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Cited by 34 (2 self)
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In a recent paper, Friedman, Geiger, and Goldszmidt [8] introduced a classifier based on Bayesian networks, called Tree Augmented Naive Bayes (TAN), that outperforms naive Bayes and performs competitively with C4.5 and other stateoftheart methods. This classifier has several advantages including robustness and polynomial computational complexity. One limitation of the TAN classifier is that it applies only to discrete attributes, and thus, continuous attributes must be prediscretized. In this paper, we extend TAN to deal with continuous attributes directly via parametric (e.g., Gaussians) and semiparametric (e.g., mixture of Gaussians) conditional probabilities. The result is a classifier that can represent and combine both discrete and continuous attributes. In addition, we propose a new method that takes advantage of the modeling language of Bayesian networks in order to represent attributes both in discrete and continuous form simultaneously, and use both versions in the classifi...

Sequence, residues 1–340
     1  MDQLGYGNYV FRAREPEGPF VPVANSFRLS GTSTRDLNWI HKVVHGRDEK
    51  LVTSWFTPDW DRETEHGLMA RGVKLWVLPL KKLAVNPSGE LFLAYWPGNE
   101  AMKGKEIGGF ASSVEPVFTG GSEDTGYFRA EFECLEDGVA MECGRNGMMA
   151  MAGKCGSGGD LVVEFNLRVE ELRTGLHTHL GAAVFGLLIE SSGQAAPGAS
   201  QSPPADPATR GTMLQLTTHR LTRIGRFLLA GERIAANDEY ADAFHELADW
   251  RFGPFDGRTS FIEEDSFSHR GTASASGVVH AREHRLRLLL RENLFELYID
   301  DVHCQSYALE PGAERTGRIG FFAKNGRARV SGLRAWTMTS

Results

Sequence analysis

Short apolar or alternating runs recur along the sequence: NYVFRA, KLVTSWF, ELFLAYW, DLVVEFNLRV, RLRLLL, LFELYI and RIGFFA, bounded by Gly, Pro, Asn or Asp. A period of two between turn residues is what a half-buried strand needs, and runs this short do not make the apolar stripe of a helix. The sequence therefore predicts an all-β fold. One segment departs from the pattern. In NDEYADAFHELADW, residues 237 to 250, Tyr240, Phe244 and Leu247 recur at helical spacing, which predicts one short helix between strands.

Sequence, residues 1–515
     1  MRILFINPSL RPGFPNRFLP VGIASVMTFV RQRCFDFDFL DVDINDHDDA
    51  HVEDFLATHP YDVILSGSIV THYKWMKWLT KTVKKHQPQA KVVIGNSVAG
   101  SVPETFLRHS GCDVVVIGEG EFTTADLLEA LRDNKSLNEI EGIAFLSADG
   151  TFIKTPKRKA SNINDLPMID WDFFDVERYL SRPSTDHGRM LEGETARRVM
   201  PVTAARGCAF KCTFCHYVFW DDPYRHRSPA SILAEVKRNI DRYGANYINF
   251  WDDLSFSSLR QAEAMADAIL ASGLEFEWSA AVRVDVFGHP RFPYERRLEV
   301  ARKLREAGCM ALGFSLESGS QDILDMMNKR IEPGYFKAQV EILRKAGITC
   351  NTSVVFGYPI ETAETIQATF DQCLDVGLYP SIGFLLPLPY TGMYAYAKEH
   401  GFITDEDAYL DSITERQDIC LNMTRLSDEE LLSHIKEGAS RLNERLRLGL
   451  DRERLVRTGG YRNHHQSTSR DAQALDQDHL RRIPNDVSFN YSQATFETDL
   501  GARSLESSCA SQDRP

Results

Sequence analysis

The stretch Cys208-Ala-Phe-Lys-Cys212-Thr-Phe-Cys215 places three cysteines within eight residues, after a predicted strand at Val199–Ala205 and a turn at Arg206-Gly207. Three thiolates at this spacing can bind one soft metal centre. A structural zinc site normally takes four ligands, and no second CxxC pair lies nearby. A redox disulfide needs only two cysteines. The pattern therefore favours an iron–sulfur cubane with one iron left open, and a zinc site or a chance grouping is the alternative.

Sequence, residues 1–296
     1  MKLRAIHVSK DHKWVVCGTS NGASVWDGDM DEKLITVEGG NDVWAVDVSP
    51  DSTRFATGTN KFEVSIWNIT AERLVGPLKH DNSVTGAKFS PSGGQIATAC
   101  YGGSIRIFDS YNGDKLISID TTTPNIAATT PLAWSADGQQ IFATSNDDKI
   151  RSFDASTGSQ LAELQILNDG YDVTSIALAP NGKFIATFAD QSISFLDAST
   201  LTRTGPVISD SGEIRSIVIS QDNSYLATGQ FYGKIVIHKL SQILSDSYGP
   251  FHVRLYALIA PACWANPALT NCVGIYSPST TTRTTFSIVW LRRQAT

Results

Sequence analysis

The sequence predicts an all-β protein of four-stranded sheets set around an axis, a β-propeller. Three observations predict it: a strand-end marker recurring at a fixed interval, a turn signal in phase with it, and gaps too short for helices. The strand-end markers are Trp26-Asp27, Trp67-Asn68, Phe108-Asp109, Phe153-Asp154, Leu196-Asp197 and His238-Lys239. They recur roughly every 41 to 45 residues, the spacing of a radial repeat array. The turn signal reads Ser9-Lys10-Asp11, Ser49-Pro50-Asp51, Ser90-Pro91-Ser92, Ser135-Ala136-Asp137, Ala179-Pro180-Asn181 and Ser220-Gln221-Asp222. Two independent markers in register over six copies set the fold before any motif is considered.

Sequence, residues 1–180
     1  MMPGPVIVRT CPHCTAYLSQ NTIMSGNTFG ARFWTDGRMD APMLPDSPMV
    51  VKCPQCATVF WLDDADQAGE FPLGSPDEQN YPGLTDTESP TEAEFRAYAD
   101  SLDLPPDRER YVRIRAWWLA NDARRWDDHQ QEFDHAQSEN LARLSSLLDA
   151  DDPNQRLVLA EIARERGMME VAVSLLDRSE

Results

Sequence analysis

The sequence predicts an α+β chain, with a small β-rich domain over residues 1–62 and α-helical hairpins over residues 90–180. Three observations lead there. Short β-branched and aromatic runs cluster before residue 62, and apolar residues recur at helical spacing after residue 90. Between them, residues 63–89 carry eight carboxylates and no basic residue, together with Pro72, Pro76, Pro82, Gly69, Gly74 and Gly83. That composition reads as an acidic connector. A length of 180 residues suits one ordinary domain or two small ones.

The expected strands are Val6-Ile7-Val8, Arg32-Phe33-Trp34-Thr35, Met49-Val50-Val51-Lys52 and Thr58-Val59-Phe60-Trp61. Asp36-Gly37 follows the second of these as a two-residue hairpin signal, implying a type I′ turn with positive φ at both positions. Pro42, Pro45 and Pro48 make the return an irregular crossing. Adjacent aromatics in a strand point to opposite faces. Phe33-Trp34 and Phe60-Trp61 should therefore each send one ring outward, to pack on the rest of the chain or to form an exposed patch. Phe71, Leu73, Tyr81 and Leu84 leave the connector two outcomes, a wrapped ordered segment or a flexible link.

Multiple testing and error control in Gaussian graphical model selection
 Statistical Science
"... Abstract. Graphical models provide a framework for exploration of multivariate dependence patterns. The connection between graph and statistical model is made by identifying the vertices of the graph with the observed variables and translating the pattern of edges in the graph into a pattern of cond ..."
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Cited by 30 (4 self)